The Flathead County Commissioners at their Oct. 26 meeting signed on to a letter supporting the purchase of a conservation easement on State School Trust Land east of Kalispell, known as the Owen Sowerwine. The letter is further indication of the broad support the Flathead Land Trust has garnered in its effort to permanently protect the 442-acre property.
“We’re always happy to get support letters from the commissioners, especially as this has to go through the state process,” Paul Travis, executive director of the Flathead Land Trust (FLT), said. “All of the responses we’ve had to this conservation easement have been really positive. It’s one of those projects that once you hear what it’s about, it’s hard not to support it.”
The Owen Sowerwine is an ecologically diverse habitat along the braided banks of the Flathead and Stillwater rivers. A trail network is accessible from Treasure Lane and is popular among hikers and birders. The Montana Audubon has designated the area as an Important Bird Area, critical to avian conservation.
Going back to the 1970s, efforts have been underway to obtain permanent protections for the property, including by dedicated conservationist Owen Sowerwine who sought to designate the area as a Natural Area under the Natural Areas Act of 1974. While ultimately unsuccessful, the area carries his name in recognition for the efforts.
As state trust land administered by the Montana Department of Natural Resources and Conservation (DNRC), the Owen Sowerwine is intended to generate revenue for Montana’s public schools. To fulfill the revenue directive of state trust land, DNRC could lease the land for a variety of purposes, including to be developed for cabin sites, residential purposes, grazing, timber sales or commercial use.
Over the last 50 years, various lease agreements held by Montana Audubon, Flathead County and the Flathead Audubon Society have allowed the area to be managed in its natural state, but the protections aren’t permanent.
Now, a coalition of nonprofit groups including the FLT, Flathead Audubon Society, Flathead Lakers and other River to Lake Initiative partners is working to purchase a conservation easement on the property which would conserve it in perpetuity.
“Essentially, nothing would change. We’ll pay cash for the easement and that will provide funding for schools, while continuing the current management plan for the area,” Travis said. “It’s a win everywhere.”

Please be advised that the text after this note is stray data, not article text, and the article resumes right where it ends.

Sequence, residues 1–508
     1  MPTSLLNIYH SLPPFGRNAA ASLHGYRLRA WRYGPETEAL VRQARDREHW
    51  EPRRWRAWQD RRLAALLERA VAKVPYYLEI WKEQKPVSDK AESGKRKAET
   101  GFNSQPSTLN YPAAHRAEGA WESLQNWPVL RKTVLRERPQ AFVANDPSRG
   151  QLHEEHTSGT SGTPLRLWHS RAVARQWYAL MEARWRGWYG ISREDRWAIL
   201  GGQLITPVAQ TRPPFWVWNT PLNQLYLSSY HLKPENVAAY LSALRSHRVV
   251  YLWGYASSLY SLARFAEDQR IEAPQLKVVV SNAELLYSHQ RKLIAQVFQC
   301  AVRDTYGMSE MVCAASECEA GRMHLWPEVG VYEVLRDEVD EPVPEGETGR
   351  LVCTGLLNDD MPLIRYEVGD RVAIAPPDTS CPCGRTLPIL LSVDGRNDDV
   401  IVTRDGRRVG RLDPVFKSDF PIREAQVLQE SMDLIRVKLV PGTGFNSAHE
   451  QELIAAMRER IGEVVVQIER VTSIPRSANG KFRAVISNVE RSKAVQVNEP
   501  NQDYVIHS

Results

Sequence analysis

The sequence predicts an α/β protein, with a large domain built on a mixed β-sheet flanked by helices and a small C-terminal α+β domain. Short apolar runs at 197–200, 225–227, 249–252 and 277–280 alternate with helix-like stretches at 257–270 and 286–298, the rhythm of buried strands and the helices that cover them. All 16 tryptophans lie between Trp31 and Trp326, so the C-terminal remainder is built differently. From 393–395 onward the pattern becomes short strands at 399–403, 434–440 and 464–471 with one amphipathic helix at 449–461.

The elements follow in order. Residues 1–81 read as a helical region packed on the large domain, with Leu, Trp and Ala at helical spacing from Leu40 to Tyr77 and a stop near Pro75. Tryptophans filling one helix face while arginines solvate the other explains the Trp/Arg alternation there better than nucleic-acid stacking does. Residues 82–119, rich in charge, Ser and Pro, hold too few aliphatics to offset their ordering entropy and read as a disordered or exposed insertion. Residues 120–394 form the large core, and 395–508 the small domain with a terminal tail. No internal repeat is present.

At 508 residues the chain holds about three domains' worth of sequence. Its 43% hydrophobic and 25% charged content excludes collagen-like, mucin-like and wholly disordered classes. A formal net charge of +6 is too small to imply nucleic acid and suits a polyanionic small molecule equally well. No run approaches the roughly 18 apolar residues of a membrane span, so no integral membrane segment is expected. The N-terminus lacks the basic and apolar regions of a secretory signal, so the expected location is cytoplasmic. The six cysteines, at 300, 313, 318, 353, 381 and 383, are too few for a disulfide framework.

The property was recently appraised for $1.05 million, according to FLT land protection specialist Laura Katzman, and the coalition has fundraised nearly $900,000, including a grant from the Whitefish Community Foundation and generous donations from Molly Miller and Mark Jungerman, the Bibler Foundation and Alan and Sallie Gratch.
Should the easement go through, Travis said visitors to the area are unlikely to notice any differences as the Owen Sowerwine will continue to be managed as a natural area. Any future improvements, including new trails or improved parking areas, will be subject to environmental analysis under the Montana Environmental Protection Act and approval by the land board.
Raising funds for the purchase and garnering support from local elected officials is only part of the process to actually get the conservation easement in place, however.
The Montana State Board of Land Commissioners have the final say in how state trust lands are managed. The board is made up of the state’s five highest elected officials — Gov. Greg Gianforte, Secretary of State Christi Jacobsen, Attorney General Austin Knudsen, Superintendent of Public Instruction Elsie Arntzen, and Commissioner of Securities and Insurance Troy Downing.
The Owen Sowerwine conservation easement is set to be discussed at the land board’s Dec. 18 meeting. If the purchase is approved, the purchase will be closed in early 2024.
“This is really a great example of what working together and having a lot of community support can do,” Katzman said. “We’re all united working to protect a community gem. Future generations will really be able to enjoy something that’s rare — a natural place, close to a city. The birds and wildlife will benefit as this kind of habitat in the valley bottom critical to their survival becomes more rare.”
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